[11] The present decision deals with the merits of the Complaint. During deliberations our friend and colleague, Tribunal Member Réjean Bélanger, passed away. Despite his valued contributions to the hearing and consideration of this matter, he sadly was not able to see the final result of his work. While this decision is signed on behalf of the remaining Members of the Panel, we dedicate it in his honour and memory.

III. Parties

[12] The Caring Society is a non-profit organization committed to research, policy development and advocacy on behalf of First Nations agencies that serve the well-being of children, youth and families. The AFN is a national advocacy organization that works on behalf of over 600 First Nations on issues such as Treaty and Aboriginal rights, education, housing, health, child welfare and social development. The Commission, in appearing before the Tribunal at a hearing, represents the public interest (see section 51 of the CHRA). AANDC is the federal government department primarily responsible for meeting the Government of Canada’s obligations and commitments to Aboriginal peoples.

[13] Additionally, two organizations were granted “Interested Party” status for these proceedings: Amnesty International and the Chiefs of Ontario (COO). Amnesty International is an international non-governmental organization committed to the advancement of human rights across the globe. It was granted interested party status to assist the Tribunal in understanding the relevance of Canada’s international human rights obligations to the Complaint. The COO is a non-profit organization representing the 133 First Nations in the Province of Ontario. It was granted interested party status to speak to the particularities of on-reserve child welfare services in Ontario.

IV. The hearing, disclosure and admissibility of documents

[14] The hearing of the Complaint spanned 72 days from February 2013 to October 2014. Throughout the hearing, documentary disclosure and the admissibility of certain documents as evidence became an issue.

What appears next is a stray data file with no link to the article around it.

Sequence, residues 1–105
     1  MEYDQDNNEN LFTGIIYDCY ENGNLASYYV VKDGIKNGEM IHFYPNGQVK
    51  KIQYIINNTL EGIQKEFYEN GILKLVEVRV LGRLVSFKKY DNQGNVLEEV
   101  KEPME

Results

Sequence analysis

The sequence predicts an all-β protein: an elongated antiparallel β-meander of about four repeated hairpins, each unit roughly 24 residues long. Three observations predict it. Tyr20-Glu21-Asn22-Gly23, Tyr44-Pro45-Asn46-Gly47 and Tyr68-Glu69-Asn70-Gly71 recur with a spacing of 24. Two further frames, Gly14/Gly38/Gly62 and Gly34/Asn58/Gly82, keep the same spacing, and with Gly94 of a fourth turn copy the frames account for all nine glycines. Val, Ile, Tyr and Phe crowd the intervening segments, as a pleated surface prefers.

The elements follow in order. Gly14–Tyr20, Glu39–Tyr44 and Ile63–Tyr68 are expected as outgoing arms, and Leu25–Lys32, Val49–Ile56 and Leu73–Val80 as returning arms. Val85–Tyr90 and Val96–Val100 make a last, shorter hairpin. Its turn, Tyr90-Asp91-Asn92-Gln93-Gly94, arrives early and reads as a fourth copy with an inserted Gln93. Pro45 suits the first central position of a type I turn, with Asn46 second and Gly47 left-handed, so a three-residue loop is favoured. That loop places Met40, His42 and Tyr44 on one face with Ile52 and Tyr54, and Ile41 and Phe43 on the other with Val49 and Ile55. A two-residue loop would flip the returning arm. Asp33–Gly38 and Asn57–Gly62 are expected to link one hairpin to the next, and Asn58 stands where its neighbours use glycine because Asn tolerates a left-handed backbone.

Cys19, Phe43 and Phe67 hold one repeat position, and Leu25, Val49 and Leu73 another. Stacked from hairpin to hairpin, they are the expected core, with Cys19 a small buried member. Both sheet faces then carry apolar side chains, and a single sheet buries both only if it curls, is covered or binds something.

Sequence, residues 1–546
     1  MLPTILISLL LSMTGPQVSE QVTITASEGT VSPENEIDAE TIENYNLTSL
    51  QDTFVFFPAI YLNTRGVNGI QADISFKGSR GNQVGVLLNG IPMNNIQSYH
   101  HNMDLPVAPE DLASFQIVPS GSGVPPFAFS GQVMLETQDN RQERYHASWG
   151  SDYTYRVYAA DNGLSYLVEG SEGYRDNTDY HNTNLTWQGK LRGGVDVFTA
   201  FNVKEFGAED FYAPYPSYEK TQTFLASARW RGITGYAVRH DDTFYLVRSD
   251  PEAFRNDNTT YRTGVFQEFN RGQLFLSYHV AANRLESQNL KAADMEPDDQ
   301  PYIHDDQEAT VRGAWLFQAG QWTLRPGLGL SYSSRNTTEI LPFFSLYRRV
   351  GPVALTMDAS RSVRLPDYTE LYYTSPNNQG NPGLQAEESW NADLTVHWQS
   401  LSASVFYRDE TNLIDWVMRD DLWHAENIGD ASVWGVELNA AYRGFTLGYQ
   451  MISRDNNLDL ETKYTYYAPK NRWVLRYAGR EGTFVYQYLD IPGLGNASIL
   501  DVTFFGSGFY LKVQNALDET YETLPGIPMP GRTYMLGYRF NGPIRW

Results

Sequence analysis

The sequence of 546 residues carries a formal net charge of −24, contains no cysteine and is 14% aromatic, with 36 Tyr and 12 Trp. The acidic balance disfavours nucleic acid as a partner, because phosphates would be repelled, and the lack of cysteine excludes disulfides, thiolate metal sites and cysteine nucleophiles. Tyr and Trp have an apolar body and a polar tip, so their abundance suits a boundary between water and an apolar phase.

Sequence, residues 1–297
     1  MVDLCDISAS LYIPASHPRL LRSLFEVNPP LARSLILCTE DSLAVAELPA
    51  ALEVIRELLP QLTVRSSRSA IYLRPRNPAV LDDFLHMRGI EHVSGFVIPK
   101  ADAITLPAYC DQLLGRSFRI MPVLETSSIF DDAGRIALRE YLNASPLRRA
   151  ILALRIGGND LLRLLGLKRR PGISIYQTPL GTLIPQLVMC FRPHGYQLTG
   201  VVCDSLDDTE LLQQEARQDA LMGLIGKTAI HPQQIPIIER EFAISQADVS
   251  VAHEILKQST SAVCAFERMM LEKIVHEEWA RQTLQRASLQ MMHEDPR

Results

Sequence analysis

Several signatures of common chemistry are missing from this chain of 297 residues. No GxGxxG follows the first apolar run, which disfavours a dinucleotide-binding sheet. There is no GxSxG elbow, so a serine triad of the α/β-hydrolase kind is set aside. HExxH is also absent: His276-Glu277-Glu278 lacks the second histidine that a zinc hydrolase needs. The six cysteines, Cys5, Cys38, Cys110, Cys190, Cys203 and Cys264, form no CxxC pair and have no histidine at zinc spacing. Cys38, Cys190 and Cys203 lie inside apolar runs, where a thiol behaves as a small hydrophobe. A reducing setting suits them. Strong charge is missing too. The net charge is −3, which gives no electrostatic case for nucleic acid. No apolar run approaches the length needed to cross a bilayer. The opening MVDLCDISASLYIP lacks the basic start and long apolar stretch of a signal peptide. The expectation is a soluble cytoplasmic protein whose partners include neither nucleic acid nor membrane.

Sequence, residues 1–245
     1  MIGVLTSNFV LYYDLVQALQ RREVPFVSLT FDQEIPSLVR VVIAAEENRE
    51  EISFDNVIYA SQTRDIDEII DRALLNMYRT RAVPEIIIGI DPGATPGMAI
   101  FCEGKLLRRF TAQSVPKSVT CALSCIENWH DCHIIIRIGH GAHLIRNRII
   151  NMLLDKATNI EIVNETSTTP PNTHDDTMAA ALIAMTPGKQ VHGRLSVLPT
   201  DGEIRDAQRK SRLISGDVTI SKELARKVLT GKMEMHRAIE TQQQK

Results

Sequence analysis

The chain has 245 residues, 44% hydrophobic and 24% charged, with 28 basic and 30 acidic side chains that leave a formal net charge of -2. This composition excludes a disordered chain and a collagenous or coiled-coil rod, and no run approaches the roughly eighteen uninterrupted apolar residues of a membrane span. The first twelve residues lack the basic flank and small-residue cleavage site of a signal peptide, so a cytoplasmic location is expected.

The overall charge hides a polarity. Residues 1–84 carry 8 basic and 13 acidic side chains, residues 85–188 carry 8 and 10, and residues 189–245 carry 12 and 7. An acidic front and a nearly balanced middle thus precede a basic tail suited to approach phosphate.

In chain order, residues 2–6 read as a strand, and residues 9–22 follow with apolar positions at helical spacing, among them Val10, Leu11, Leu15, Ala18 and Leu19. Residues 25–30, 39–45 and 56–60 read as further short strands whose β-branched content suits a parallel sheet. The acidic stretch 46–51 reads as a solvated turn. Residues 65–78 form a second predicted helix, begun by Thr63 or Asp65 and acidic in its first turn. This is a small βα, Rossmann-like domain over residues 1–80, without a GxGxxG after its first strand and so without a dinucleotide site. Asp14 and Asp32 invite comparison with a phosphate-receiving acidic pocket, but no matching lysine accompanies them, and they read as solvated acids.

[15] All arguably relevant documents were not disclosed prior to the commencement of the hearing. Despite agreeing to complete its disclosure prior to the start of the hearing, and subsequently confirming that it had, AANDC knew of the existence of a number of arguably relevant documents in the summer of 2012 and yet failed to disclose them prior to the hearing. Only after the completion of an Access to Information Act request made by the Caring Society, and shortly before the third week of hearings, did AANDC inform the parties and the Tribunal of the existence of over 50,000 additional documents and an unspecified number of emails, which were potentially relevant to the Complaint, but had yet to be disclosed. As a result, the Tribunal vacated hearing dates in June 2013, rearranged the proceedings to hear the allegations of retaliation in July and August 2013, and, following a deadline for AANDC to complete its disclosure by August 31, 2013, resumed the hearing on the merits on dates from August 2013 to January 2014 (see 2013 CHRT 16).

[16] Following the disclosure of over 100,000 additional documents by AANDC, the hearing resumed. However, AANDC did not complete the disclosure of all arguably relevant documents until August 2014 due to an objection under section 37(1) of the Canada Evidence Act. Specifically, certain documents were characterized as being subject to Cabinet confidence privilege. All the parties agreed to have the Clerk of the Privy Council review the documents to determine if the privilege applied. This review process was completed fairly quickly once the Clerk was provided with the documents.

[17] An issue arose as to how the 100,000 additional documents could be admitted into evidence. The Caring Society requested an order that any additionally disclosed documents upon which it wished to rely be admitted as evidence for the truth of their contents, regardless of whether or not the author or recipient of the document was called as a witness, and whether or not they were put to any other witness. For reasons outlined in 2014 CHRT 2, the Panel ruled as follows:

a. Rule 9(4) of the Tribunal’s Rules of Procedure will continue to apply. As such, documents will continue to be admitted into evidence, on a case-by case basis, once they are introduced during the hearing and accepted by the Panel;

b. There will be no need to call witnesses for the sole purpose of authenticating documentary evidence. Any issues raised relating to authentication will be considered by the Panel at the weighing stage;

c. For the purposes of Rule 9(4), a document has not been fully “introduced” at the hearing until counsel or a witness for the party tendering it has indicated:

i. which portions of the document are being relied upon; and

ii. how these portions of the document relate to an issue in the case.

d. Should a party wish to rely on evidence during its final argument that was not introduced according to the procedure above (either prior to or subsequent to this order), appropriate curative measures may be taken by the Panel, and in particular, the opposing party may be allotted additional time to adequately prepare a response, including calling additional witnesses and bringing forward additional documentary evidence, in accordance with the principles of procedural fairness. This may result in an adjournment of the proceedings.